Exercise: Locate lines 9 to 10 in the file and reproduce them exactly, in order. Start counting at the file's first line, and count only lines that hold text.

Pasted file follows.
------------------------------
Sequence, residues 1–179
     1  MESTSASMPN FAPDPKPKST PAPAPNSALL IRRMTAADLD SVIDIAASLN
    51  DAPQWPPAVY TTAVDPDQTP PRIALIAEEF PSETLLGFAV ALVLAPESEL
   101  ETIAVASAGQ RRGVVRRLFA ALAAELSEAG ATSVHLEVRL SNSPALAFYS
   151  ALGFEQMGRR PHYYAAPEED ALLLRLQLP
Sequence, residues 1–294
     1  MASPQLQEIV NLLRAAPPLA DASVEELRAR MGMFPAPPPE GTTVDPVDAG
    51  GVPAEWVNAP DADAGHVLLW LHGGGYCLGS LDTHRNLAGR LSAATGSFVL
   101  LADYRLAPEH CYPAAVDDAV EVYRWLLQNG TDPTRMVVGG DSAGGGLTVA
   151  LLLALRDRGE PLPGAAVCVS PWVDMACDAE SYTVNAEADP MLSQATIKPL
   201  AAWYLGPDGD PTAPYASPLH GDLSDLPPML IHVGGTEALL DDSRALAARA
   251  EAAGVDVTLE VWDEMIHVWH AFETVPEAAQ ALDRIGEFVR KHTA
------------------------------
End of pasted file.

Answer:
   101  LADYRLAPEH CYPAAVDDAV EVYRWLLQNG TDPTRMVVGG DSAGGGLTVA
   151  LLLALRDRGE PLPGAAVCVS PWVDMACDAE SYTVNAEADP MLSQATIKPL